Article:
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January 2008

Prevalence, Correlates, and Efficacy of Selective Avoidance as a Sexually Transmitted Disease Prevention Strategy Among African American Adolescent Females

Author Affiliations

Author Affiliations: Division of Infectious Diseases, Epidemiology, and Immunology, Department of pediatrics (Dr DiClemente) and Division of Infectious Diseases, Department of Medicine (Drs DiClemente and Caliendo), School of Medicine, and Emory Center for AIDS Research, Rollins School of Public Health (Drs DiClemente, Wingood, Salazar, Sales, and Caliendo and Ms Rose), Emory University, Atlanta, Georgia; and College of Public Health, University of Kentucky, Lexington, and Rural Center for AIDS/STD Prevention, Indiana University, Bloomington (Dr Crosby).

Arch Pediatr Adolesc Med. 2008;162(1):60-65. doi:10.1001/archpediatrics.2007.5

Objectives  To identify the prevalence and correlates of selective avoidance (SA) of sexual intercourse among African American adolescent females at risk for sexually transmitted disease (STD) acquisition and transmission.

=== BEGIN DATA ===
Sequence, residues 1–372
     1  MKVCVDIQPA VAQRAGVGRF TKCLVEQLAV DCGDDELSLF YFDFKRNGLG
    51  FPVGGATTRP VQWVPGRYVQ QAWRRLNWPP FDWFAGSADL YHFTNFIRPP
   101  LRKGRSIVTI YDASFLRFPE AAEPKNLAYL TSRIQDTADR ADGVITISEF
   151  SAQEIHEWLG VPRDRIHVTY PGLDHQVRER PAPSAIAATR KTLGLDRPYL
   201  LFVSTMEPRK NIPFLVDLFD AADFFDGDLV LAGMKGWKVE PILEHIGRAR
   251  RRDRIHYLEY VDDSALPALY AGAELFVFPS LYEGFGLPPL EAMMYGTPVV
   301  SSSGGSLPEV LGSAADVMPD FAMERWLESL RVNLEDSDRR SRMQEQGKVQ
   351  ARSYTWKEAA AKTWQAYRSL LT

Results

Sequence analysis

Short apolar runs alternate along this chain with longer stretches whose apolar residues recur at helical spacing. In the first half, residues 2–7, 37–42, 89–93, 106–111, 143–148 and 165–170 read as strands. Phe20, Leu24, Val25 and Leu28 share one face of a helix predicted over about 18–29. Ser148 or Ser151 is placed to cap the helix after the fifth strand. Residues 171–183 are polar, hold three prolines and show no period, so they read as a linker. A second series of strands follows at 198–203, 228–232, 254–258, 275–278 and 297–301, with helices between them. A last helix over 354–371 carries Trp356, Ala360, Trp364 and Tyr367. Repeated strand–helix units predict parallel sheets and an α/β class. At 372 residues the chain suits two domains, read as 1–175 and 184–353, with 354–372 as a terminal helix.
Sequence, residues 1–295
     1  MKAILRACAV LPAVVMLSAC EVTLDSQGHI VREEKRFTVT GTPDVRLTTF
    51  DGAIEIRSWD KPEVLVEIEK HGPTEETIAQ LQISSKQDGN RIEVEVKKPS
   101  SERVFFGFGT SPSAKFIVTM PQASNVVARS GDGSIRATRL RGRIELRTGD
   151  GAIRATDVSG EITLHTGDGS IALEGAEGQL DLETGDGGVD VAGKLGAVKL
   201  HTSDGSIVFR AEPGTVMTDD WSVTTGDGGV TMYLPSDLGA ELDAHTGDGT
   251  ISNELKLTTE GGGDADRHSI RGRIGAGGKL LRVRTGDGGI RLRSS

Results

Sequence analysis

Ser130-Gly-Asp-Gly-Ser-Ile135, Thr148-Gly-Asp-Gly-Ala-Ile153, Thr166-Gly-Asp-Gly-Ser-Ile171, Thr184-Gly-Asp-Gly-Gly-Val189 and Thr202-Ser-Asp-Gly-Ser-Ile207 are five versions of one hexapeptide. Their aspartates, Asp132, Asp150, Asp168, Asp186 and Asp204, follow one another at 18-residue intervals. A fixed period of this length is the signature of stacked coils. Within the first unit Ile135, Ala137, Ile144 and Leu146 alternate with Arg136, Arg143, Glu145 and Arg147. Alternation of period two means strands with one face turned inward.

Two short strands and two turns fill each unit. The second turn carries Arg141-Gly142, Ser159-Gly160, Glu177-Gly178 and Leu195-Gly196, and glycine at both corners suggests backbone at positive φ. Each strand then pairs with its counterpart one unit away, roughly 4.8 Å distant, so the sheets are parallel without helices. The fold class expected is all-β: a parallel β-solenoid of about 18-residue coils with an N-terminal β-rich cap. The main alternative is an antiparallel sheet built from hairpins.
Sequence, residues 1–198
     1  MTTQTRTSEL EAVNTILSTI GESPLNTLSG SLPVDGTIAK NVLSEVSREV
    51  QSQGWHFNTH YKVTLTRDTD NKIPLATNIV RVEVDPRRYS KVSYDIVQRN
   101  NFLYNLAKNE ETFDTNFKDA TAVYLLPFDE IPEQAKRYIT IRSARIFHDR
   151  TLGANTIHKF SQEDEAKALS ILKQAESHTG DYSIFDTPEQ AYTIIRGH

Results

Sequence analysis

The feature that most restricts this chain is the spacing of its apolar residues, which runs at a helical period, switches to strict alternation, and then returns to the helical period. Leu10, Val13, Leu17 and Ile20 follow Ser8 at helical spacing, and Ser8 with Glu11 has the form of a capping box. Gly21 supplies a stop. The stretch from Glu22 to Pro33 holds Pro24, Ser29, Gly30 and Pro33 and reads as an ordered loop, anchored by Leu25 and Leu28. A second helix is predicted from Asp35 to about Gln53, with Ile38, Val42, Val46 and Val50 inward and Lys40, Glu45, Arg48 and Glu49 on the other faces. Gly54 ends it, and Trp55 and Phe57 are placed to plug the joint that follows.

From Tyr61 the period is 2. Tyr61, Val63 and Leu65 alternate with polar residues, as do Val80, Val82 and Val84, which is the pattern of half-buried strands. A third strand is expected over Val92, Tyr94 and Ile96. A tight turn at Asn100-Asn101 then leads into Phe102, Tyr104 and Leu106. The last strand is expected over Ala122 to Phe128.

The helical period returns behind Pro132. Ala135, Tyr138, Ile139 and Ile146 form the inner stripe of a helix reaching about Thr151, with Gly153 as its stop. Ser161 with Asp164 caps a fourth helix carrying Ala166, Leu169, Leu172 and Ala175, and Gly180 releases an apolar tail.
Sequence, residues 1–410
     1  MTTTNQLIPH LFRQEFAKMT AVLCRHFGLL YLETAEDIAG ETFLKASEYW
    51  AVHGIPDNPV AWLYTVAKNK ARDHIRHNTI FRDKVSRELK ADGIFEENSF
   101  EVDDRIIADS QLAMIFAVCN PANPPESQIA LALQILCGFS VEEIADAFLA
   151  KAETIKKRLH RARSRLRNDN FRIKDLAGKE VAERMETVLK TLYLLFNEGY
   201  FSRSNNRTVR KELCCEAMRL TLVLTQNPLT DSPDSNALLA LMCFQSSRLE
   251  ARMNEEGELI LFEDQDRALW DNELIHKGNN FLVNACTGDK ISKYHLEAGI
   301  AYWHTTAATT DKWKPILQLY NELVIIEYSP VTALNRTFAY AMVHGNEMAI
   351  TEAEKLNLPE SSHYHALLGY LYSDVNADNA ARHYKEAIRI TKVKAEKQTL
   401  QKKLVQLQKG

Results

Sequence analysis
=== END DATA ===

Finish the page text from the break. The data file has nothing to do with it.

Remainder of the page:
Design  Cross-sectional study.

Setting  Health clinics.

Participants  African American females (N = 715) between the ages of 15 and 21 years.

Main Outcome Measures  Self-reported sexual behaviors and laboratory-confirmed STDs.

Results  Among the participants, 35.4% used SA as a strategy to prevent STD acquisition; 25.7% used SA to prevent STD transmission. Use of SA was not associated with current STD status. In multivariable analyses, adolescents who had sexual intercourse with 2 or more partners in the past 60 days, those who had high fear related to condom use negotiation, and those who discussed STD prevention with their sexual partners were 2.05 times more likely (95% confidence interval [CI], 1.31-3.20), 1.55 times more likely (95% CI, 1.09-2.19), and 2.00 times more likely (95% CI, 1.38-2.90), respectively, to use SA to prevent STD acquisition, and the same groups were 2.62 times more likely (95% CI, 1.62-4.24), 1.60 times more likely (95% CI, 1.10-2.32), and 2.13 times more likely (95% CI, 1.39-3.26), respectively, to use SA to prevent STD transmission.

Conclusions  This study provides initial evidence suggesting that SA as a risk-reduction strategy specifically used to prevent STD acquisition and/or transmission may be common among African American adolescent females. Based on a lack of differences in STD prevalence, we recommend that clinicians and prevention programs discourage the use of SA as an STD prevention strategy and encourage adolescent females to use condoms consistently and correctly with all male sexual partners.